China en NYT
Con absoluto placer, el administrador de "The Literary Saloon" comenta el hecho de que el suplemento de libros de New York Times le haya dedicado tanto espacio en su último número a las traducciones de autores chinos. Aparece una reseña a Serve the people! de Yan Lianke. También un texto sobre The song of everlasting sorrow de Wang Anyi. Otro libro reseñado es Wolf Totem de Jiang Rong, ganador del Man Asian Literary Prize. También hay un artículo dedicado a un autor de 24 años, Guo Jingming, la sensación "pop" del momento. Pero la nota principal está dedicada al exitoso Mo Yan y su novela 'Life and Death Are Wearing Me Out'. Dice la reseña:
In the summer of 1976, as Chairman Mao lay on his deathbed in Beijing, the pigs at the Ximen Village Production Brigade Apricot Garden Pig Farm in Gaomi County, Shandong Province, also began to die. The first batch of five were found with “their skin dotted with purple splotches the size of bronze coins, their eyes open, as if they’d died with unresolved grievances.” The commune vet declared they had succumbed to “what we call the Red Death” and ordered them to be cremated and buried immediately. But it had been raining for weeks and the ground was too waterlogged. Dousing the carcasses with kerosene and trying to set them alight simply filled the farm with vile-smelling smoke. Soon 800 more pigs were infected. A fresh team of vets arrived by motorboat with more sophisticated medicines, but their ministrations were of little help. Dead pigs were piled up throughout the farm, their bloated forms expanding and exploding in the heat. Unable to bury the corpses, the farmers “had no choice but to wait until the veterinarians left and, in the fading light of dusk, load the carcasses onto a flatbed wagon and haul them down to the river, where they were tossed into the water to float downstream — out of sight and out of mind.” The farm was in ruins, proof that its “glorious days” were “now a thing of the past.” The foundations of the hog houses collapsed, and raging flood waters toppled the utility poles, cutting the commune off from the wider world. Thus it was only through the village’s single transistor radio that these farmers learned Mao had died. “How could Chairman Mao be dead? Doesn’t everyone say that he could live at least 158 years?” Mo Yan’s powerful new novel, “Life and Death Are Wearing Me Out,” contains many such vivid set pieces. His canvas covers almost the entire span of his country’s revolutionary experience — from 1950 until 2000, in the so-called “reform era” of post-Deng Xiaoping China. At one level, therefore, “Life and Death” is a kind of documentary, carrying the reader across time from the land reform at the end of the Chinese Civil War, through the establishment of mutual-aid teams and lower-level cooperatives in the early and mid-1950s, into the extreme years of the Great Leap Forward and the famine of the late ’50s and early ’60s, and on to the steady erosion of the collective economy in the new era of largely unregulated “capitalism with socialist characteristics.” At the novel’s close, some of the characters are driving BMWs, while others are dyeing their hair blond and wearing gold rings in their noses.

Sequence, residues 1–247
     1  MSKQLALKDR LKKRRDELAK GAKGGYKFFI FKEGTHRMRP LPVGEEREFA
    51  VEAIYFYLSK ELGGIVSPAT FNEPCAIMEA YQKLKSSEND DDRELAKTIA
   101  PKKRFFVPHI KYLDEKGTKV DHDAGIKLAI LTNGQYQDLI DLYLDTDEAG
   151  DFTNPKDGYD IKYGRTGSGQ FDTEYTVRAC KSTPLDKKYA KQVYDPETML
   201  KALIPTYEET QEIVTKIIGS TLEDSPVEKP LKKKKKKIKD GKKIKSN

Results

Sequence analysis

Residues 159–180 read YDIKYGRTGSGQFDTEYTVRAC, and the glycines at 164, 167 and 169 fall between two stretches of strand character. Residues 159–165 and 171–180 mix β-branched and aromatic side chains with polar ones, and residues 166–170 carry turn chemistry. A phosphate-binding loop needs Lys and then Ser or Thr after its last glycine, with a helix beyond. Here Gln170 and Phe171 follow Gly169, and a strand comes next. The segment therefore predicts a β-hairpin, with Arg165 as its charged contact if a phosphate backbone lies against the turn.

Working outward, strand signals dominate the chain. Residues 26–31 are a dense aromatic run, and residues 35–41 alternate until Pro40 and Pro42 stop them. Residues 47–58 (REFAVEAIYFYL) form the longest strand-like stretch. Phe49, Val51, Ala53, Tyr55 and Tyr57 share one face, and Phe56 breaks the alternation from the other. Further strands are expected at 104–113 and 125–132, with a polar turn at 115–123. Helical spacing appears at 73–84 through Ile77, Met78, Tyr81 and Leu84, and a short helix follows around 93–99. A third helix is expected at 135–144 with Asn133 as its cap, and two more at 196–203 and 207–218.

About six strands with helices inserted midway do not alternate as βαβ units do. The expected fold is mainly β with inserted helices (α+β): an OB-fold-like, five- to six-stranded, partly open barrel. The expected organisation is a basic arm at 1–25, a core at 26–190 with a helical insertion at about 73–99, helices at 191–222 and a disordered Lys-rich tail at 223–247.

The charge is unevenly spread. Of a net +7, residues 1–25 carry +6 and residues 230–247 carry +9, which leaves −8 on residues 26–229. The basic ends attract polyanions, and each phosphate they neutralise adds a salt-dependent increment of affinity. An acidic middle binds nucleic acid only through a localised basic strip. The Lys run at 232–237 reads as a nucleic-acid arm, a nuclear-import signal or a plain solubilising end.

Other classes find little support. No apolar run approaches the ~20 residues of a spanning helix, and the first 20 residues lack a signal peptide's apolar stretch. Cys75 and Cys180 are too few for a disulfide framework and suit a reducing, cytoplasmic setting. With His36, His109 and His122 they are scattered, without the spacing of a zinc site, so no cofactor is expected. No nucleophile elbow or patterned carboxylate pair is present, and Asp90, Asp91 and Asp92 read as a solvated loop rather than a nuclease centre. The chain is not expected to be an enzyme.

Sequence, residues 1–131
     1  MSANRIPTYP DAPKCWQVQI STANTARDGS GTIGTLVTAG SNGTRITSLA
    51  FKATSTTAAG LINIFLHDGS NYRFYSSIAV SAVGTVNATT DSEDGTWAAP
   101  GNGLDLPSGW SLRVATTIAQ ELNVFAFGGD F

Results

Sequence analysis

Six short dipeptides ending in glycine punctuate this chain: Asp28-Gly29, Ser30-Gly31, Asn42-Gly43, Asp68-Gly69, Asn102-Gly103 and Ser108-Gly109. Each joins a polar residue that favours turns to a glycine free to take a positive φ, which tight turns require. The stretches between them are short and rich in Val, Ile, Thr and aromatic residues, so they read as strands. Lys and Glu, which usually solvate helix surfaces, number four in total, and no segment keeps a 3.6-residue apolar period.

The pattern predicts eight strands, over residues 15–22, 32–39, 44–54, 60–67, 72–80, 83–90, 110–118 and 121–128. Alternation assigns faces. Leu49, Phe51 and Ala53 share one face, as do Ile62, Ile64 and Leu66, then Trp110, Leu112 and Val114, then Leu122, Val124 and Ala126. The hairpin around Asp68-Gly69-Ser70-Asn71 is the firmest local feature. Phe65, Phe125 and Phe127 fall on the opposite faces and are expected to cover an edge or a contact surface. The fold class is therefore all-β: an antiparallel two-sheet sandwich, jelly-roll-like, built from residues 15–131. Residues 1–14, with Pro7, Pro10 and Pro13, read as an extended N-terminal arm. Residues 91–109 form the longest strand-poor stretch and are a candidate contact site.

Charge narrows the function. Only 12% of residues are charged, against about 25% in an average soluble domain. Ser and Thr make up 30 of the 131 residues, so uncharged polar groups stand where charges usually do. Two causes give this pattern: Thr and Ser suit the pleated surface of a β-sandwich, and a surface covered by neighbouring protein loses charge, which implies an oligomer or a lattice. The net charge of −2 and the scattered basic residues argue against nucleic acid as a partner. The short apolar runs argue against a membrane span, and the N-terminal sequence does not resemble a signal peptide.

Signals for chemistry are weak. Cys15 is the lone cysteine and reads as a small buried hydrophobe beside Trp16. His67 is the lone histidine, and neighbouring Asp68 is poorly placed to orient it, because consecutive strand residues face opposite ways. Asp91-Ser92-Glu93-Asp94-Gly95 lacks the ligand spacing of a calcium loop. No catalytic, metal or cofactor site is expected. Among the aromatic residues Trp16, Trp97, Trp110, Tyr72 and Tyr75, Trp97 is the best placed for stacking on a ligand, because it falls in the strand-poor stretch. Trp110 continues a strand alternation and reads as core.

El final de la reseña es interesante, pues intenta unir los lazos en comùn (y las diferencias) entre la novela de Mo Yan y otras novelas chinas contemporáneas analizadas en este número. Dice:
The kind of critique that we find in this book has many echoes within China today. In his new novel, “Wolf Totem,” Jiang Rong includes a ferocious account of the battle between a starving wolf pack and a herd of wild horses that seems tightly geared to showing the value of older ways of living in the steppe, in contrast with the ultimately disastrous values insisted on by the Party. Mo Yan has his own version of such a battle in his account of the donkeys’ struggle against the wolves near the collective farm. Yan Lianke’s “Serve the People!” gives a common soldier and his mistress, the wife of the division commander, a summer of passionate lovemaking, culminating in a wild and randy spree in which they smash all the once-treasured artifacts and memorabilia of Mao Zedong and his outmoded, pointless policies. Such antipolitical passion also surfaces in many of the sexual entanglements Mo Yan describes in “Life and Death Are Wearing Me Out.” It seems that novels in China are coming into their own, that new freedoms of expression are being claimed by their authors. Mao has become a handy villain. One wonders how much longer his successors will be immune from similar treatment.